• New York Times tech and internet culture reporter Taylor Lorenz tweeted on International Women’s Day that her life had been “destroyed” by harassment and smears, a statement that was met with heated derision from Glenn Greenwald and a pretty bonkers segment on Tucker Carlson (and by bonkers I mean specifically designed to unleash Carlson’s legions of trolls onto Lorenz in a particularly cruel, demeaning way — even the Times responded).
  • This lead in the Irish Times was the talk of the media world.
  • And a reporter in Iowa was acquitted for the crime of doing her job. As my colleague Tom Jones wrote, “… we need to pause to remember that authorities took this case as far as they could and tried to convict (Des Moines Register reporter Amanda) Sahouri of a crime. We can be thankful that the jury did the right thing, but it doesn’t erase that police arrested her and prosecutors did everything in their power to punish her.”

Note to self

Check in on your school’s plans for graduation. I read in my local Axios daily newsletter that University of Tampa students and parents are rebelling against a university decision to host a virtual May 2021 graduation. They’ve started a petition and a GoFundMe to have the event in real life. Keep in might that this university is in the same town that hosted the Super Bowl last month — and the Super Bowl victory parade that almost saw the trophy end up in the drink. Ah, Florida.

College headlines

Great journalism to share with your students

The Lead

Poynter’s Taylor Blatchford’s had another great newsletter this week: Anne Helen Petersen on how student journalists can guard against burnout as they start their careers. My favorite bit of advice: “The major thing is for journalists to stop thinking about their work as any sort of passion or dream job. You are a worker, and workers deserve protections. That’s at the heart of a lot of unionization efforts in general. Newspaperpeople used to think of themselves as workers and there were so many of them. As it became rarified, it became more of this ‘do what you love’ sort of job.”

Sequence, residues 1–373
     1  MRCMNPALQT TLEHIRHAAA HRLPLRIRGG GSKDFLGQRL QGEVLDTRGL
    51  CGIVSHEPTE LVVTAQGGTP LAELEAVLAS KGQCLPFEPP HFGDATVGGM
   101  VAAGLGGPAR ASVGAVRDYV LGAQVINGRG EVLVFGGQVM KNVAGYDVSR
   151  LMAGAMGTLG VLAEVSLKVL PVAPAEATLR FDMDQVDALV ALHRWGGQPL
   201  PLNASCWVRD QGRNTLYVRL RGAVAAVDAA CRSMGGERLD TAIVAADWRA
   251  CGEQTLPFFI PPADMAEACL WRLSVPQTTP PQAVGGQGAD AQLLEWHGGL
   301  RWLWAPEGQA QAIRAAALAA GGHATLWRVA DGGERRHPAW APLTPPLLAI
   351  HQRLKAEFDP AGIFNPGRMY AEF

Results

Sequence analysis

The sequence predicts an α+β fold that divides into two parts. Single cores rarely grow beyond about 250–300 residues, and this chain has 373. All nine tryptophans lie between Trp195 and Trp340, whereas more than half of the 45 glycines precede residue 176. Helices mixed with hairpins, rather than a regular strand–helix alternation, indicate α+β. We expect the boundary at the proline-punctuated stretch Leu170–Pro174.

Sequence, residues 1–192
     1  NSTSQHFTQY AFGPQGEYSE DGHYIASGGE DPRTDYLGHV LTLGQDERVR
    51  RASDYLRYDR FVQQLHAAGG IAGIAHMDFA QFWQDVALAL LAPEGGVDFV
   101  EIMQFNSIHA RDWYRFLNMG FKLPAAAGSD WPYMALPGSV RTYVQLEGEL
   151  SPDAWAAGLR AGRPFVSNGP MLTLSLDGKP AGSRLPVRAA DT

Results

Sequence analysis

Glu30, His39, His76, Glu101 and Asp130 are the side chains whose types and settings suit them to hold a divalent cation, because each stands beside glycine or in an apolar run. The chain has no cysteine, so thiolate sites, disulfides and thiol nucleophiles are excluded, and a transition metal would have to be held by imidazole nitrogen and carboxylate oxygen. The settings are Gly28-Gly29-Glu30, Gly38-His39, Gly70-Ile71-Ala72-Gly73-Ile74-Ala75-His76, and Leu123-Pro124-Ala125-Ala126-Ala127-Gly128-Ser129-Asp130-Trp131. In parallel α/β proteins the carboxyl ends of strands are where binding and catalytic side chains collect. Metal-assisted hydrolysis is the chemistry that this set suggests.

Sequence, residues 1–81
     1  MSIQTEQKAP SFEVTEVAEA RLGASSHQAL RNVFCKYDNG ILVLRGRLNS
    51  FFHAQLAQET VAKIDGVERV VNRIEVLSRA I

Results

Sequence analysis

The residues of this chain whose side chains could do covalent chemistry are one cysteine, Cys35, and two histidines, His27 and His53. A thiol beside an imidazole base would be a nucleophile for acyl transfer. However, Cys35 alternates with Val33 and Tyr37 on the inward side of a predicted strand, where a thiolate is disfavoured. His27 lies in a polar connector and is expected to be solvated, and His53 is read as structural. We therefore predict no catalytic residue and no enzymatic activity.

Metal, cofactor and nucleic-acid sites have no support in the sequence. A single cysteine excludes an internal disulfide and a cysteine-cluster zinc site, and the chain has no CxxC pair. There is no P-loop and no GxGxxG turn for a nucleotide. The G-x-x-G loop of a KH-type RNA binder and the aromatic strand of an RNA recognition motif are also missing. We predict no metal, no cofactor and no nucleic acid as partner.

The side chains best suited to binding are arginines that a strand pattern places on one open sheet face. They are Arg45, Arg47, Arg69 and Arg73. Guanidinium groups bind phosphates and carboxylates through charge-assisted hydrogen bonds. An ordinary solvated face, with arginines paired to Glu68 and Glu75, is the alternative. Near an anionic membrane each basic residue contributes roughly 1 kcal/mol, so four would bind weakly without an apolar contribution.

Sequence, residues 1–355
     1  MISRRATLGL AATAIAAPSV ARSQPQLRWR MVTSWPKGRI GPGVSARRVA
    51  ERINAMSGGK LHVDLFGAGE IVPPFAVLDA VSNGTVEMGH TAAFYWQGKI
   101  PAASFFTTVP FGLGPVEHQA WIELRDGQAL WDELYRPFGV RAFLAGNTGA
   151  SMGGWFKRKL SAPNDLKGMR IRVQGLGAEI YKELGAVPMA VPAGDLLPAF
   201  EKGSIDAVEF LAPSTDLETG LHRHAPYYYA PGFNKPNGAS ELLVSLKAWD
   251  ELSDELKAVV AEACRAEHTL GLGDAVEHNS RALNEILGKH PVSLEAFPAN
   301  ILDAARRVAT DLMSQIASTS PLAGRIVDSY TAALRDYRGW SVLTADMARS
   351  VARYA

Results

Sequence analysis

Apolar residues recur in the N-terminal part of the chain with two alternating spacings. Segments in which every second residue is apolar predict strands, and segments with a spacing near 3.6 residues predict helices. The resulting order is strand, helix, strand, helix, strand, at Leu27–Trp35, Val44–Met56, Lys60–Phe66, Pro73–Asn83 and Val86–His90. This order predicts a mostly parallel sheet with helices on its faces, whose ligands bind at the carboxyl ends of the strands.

Your students can sign up for this indispensable weekly tool here.

Internship Database

This week, we’re featuring The Malheur Enterprise in Oregon. The editor writes, “This is an intensive, active internship where you will receive advanced training on journalistic skills (interviewing, source development, etc.) and help report on one of the poorest and most remote counties in Oregon. The Enterprise treats interns as professionals, not as students, and we expect a commensurate interest in performing as a professional. Bilingual skills would be invaluable. Some journalism experience needed.”

Check out this and other opportunities in our paid journalism internship database.

This week’s Professor’s Press Pass

Admittedly, the path of least resistance was the Oprah/royals interview, but I suspect that just about every journalism class in America talked about that this week. Instead, I’ve got this case out of Maine, in which a hostage-taker called the cell phone of a reporter who was at the scene, covering the story. The exercise provides background on ethical journalistic behavior in crisis situations, and asks your students what they would do in that scenario.

One last thing

I’m such a fan of this guy’s TURNING RANDOM INTERNET DRAMA INTO SONGS TikToks. I dare you to watch this one and somehow avoid compulsively saying, “Butter is important to me” when someone asks you to pass it.

I’m taking a little time off next week, so your next Alma Matters will be in inboxes March 28. I’ve heard from many of you and I want to remind you that my phone lines are open, so to speak — always feel free to drop me a line and tell me what you like, what you don’t, and what you need more of. We at Poynter are here to serve!

Resources for journalists

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Barbara Allen is the director of college programming for Poynter. Prior to that, she served as managing editor of She spent two decades in…
Barbara Allen